Gov. Ron DeSantis on Thursday defended his decision to omit prisoners from Florida’s COVID-19 vaccine rollout and criticized states who prioritized inmates ahead of others.
Speaking to reporters after a public health roundtable at the Capitol, DeSantis suggested state inmates may begin receiving vaccinations once public access and vaccine supply broadens. Currently, inmates are not included in the state’s rollout regardless of age or health complications.
“We are focusing obviously on our law-abiding population first,” the Republican Governor said. “As the vaccine becomes more available, that’s something that we’d be happy to look at.”
Flanked by health experts, DeSantis also blasted states who vaccinated prison populations ahead of the elderly.
“Why would you do that?” DeSantis asked. “That’s more ideological. That’s not based on the appropriate risk.”
Later, Stanford University Medicine Professor Dr. Jay Bhattacharya suggested that vaccinating the prison population at this stage may be fruitless.
The COVID-19 virus, he contended, has already spread within facility walls.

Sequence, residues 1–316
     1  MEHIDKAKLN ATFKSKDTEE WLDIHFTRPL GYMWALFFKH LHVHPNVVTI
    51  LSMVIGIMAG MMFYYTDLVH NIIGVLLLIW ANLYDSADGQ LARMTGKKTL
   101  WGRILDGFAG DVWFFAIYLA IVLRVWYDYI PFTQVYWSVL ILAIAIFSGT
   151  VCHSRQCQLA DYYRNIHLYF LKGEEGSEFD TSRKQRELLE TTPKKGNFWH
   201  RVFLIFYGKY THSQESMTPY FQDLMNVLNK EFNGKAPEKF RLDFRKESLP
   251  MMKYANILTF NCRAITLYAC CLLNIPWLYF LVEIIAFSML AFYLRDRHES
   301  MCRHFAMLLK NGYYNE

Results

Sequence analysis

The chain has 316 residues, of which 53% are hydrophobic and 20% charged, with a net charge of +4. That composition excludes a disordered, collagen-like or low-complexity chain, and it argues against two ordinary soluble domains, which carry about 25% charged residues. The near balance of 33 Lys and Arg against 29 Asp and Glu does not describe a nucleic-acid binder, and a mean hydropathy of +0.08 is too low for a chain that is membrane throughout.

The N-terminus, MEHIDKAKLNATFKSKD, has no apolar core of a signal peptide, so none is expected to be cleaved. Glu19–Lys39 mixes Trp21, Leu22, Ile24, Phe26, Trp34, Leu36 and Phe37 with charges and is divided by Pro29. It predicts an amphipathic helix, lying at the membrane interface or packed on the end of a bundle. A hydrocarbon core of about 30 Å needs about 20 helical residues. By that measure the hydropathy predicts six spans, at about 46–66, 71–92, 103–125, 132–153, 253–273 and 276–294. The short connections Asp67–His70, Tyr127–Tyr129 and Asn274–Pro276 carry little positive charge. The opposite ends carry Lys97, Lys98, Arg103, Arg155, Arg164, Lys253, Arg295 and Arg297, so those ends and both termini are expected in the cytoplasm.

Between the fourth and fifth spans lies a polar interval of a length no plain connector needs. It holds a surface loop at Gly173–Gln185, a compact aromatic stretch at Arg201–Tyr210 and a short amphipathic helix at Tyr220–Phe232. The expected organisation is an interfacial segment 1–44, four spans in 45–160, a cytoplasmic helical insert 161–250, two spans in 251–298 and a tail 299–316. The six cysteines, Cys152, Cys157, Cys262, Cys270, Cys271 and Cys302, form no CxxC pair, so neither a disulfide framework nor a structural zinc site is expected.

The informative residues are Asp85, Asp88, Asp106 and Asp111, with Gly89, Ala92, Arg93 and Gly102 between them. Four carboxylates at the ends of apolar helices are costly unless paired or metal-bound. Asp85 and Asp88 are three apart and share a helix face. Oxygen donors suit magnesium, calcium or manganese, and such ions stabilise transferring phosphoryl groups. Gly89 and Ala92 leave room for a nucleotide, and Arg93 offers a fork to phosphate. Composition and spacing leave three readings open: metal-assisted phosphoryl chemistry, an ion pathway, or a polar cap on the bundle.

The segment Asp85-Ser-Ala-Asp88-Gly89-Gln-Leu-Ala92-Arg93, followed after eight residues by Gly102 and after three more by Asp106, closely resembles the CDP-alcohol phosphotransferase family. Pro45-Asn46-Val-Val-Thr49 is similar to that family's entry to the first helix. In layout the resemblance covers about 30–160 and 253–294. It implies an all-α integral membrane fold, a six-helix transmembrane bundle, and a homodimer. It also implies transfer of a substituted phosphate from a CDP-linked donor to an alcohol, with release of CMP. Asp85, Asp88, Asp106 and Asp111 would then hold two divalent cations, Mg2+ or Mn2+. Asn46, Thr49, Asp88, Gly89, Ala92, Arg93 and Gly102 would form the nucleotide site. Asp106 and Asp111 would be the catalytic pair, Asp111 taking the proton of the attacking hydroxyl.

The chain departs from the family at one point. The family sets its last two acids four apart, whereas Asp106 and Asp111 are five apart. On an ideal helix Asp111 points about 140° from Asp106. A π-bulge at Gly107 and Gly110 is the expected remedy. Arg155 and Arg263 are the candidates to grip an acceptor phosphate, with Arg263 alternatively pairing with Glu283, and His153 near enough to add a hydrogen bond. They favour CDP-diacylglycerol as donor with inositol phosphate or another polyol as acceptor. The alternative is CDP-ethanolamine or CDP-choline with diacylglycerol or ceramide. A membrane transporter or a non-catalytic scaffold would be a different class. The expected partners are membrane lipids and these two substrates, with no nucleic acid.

He described the issue, however, as “complicated,” noting the physical nature of prisons themselves.
“If someone who is older has already had an infection, I don’t think the vaccine would help them,” Bhattacharya said.
According to the latest Department of Corrections data, 17,918 Florida inmates and 5,643 prison staff have contracted COVID-19 since the onset of the pandemic.
Meanwhile, 210 inmates have died while infected with the virus.
In a statement to Florida Politics, the Department of Corrections said staff is educating the inmate population about the COVID-19 vaccine in the meantime.
They added that staff are encouraging inmates to receive the vaccine while also briefing them on the vaccine’s benefits and side effects.
“The Florida Department of Corrections is ready to vaccinate as soon as supplies become available to our agency,” said Florida Department of Corrections Secretary Mark Inch in a statement. “We will ensure community-level care is given to anyone under our care and custody who chooses to be vaccinated.”